Back in the day, refrigerators were basic: keep food cold, or, keep some food frozen (if you had an "ice box"). Today, refrigerator-freezers offer a wide variety of interesting features and options. Contemporary refrigerators are cool!

Important considerations for selecting a refrigerator that best meets your needs:

  • Built-in versus free-standing
  • Size (height, width, depth)
  • Storage capacity
  • Freezer and door configurations
  • Surface material
  • External dispenser and water filtration
  • Storage area configurations and options
  • Single- versus dual-compressors
  • Noise
  • Energy rating
  • IoT connectivity
  • Budget.

Built-in Versus Free-Standing

When considering built-in versus free-standing units, cost is often the determining factor since built-ins are substantially expensive. However, if you want to splurge or money is no object, built-ins blend beautifully with kitchen façades, are wider, and look great. Potential downsides of free-standing models include less depth, installation costs and repair costs. Also you probably won't be able to take your built-in with you if you move.

Reasons to choose a free-standing fridge include lower cost, easier installation, no special ventilation requirements, freedom of movement, greater depth, and easier, cheaper repairs.

Since a majority of homeowners buy free standing fridges, we'll focus on those…

Size (Height, Width, Depth)

First, you need to be certain that the fridge's height, width and depth fit your planned space. Leave a little space at the top and sides, although you don't need much.

What's really important is the depth, including door depth and door-swing.

Fridges come in standard depths (deeper), and counter-depth (shallower). A quick look around any showroom will tell you that among free-standing models, standard deeper units are more popular – undoubtedly because they hold more food than counter-depth units. However, counter-depth units have the advantage of fitting more seamlessly into the surrounding space, since they don't "stick out" beyond your counters.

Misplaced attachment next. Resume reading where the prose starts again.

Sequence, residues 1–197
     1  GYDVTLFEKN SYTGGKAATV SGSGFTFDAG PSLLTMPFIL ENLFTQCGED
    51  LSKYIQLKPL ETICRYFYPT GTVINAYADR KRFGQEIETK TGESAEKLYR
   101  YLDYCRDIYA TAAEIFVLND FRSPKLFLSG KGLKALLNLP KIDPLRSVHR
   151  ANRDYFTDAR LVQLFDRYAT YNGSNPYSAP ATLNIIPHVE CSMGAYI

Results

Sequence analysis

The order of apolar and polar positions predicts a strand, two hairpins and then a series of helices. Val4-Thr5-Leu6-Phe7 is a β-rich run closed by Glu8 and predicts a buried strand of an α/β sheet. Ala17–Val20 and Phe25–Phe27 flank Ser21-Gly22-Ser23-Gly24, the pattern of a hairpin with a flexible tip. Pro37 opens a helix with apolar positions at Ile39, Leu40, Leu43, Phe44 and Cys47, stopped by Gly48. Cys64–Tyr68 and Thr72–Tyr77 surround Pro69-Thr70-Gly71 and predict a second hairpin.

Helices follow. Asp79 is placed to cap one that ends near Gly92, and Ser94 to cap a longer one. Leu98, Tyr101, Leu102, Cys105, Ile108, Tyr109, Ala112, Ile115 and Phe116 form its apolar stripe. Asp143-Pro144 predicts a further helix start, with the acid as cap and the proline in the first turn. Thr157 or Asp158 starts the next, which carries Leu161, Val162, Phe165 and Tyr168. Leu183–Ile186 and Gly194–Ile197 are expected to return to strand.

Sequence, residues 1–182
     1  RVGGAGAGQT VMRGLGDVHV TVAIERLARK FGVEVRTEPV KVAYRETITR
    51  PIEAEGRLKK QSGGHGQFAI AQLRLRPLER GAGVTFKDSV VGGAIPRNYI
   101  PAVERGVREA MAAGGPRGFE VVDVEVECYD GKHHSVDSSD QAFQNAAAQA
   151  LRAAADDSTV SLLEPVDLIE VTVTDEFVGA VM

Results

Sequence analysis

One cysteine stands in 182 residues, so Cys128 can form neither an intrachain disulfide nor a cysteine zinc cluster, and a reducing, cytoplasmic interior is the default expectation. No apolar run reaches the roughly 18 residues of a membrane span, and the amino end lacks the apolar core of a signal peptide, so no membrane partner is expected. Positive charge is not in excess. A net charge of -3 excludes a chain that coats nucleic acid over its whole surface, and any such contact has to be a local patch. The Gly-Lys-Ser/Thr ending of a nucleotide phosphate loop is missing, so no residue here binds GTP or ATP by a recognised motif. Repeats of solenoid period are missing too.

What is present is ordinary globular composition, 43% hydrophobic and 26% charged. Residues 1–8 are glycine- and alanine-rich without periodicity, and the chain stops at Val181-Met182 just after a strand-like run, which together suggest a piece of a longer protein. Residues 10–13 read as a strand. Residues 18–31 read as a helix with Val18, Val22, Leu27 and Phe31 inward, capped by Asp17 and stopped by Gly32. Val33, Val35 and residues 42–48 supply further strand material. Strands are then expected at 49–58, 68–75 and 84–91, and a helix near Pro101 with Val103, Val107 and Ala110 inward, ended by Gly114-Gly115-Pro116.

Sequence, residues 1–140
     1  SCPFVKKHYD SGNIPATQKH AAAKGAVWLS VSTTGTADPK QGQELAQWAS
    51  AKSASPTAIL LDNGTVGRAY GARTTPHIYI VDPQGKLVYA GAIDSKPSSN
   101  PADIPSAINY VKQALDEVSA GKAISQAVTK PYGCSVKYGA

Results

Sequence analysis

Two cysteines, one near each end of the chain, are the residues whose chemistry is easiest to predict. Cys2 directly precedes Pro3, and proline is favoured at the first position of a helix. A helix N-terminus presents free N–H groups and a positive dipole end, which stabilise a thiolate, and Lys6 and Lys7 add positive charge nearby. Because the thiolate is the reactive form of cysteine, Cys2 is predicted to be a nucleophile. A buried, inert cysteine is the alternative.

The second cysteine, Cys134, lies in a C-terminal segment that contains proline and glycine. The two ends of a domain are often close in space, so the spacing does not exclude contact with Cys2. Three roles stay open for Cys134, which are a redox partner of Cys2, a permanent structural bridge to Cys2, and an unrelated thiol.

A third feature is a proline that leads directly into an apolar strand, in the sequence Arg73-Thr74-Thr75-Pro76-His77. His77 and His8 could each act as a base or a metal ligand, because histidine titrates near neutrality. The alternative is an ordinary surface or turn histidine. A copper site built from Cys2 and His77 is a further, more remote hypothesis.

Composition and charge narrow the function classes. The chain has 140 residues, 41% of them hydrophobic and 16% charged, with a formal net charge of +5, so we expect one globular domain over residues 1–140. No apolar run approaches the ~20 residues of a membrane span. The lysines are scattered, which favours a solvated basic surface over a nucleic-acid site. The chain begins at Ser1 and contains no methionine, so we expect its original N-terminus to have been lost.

A lot depends on how much space will exist in front of the fridge. If there's plenty of room, go ahead and consider a deeper unit. Also, be aware that refrigerator depth measurements only refer to the body; they don't include the door or the door handles. Together, those can add an additional 4-7 inches of total depth beyond the body of the fridge.

"Door swing" refers to how much additional "depth" is added when your widest door is completely open. It's easy to overlook this in the planning stage, only to find that an open fridge door actually hits or comes very close to an island. So think about not only the door swing measurement, but also, how much space you require between a fully open door and the nearest object, like an island.

Storage Capacity

Refrigerator storage capacity is measured in cubic feet. However, as Consumer Reports notes , manufacturer claims include shelfs, racks and even the water dispenser.

So is this measure even useful? For consumers, it can be, but mainly to compare models. Looks can be deceiving when trying to estimate how much storage space a fridge really has, so comparing cubic foot claims – especially different models from the same maker – can give you a better idea of how much space each model offers.

Freezer and Door Configurations

Freezer placement and door configuration are a matter of personal preference and budget. Single door refrigerators are the most affordable. Side-by-side (freezer beside the refrigerator) and French door (freezer below the refrigerator) models tend to live at the higher end of the price range.

Top Freezer

  • Frozen foods at eye level (perfect if you store and use a lot of frozen foods)
  • Can easily store wide frozen food packages like frozen pizzas
  • Good for smaller families
  • More affordable than side-by-sides and French-door models

Bottom Freezer

  • Commonly used foods at eye level
  • Can easily store wide frozen food packages
  • Freezer placement on bottom means slightly more efficiency
  • Good for smaller families
  • Not ideal if you don't want to bend down for frozen items
  • More affordable than side-by-sides and French-door models


  • Easy access to refrigerator and freezer sections
  • Narrower shelves than most top/bottom freezer models
  • More space in door storage compartments
  • Option for external water/ice dispenser
  • Option for door-in-door storage access
  • Higher price than top/bottom freezer models

French Doors